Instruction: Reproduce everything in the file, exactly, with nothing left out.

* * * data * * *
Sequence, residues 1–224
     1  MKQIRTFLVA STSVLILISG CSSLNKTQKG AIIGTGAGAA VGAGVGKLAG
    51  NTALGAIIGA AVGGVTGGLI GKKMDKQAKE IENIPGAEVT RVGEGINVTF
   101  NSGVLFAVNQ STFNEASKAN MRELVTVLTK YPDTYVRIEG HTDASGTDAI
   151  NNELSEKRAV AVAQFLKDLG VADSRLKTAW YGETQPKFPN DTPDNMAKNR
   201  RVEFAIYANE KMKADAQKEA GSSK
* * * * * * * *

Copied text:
Sequence, residues 1–224
     1  MKQIRTFLVA STSVLILISG CSSLNKTQKG AIIGTGAGAA VGAGVGKLAG
    51  NTALGAIIGA AVGGVTGGLI GKKMDKQAKE IENIPGAEVT RVGEGINVTF
   101  NSGVLFAVNQ STFNEASKAN MRELVTVLTK YPDTYVRIEG HTDASGTDAI
   151  NNELSEKRAV AVAQFLKDLG VADSRLKTAW YGETQPKFPN DTPDNMAKNR
   201  RVEFAIYANE KMKADAQKEA GSSK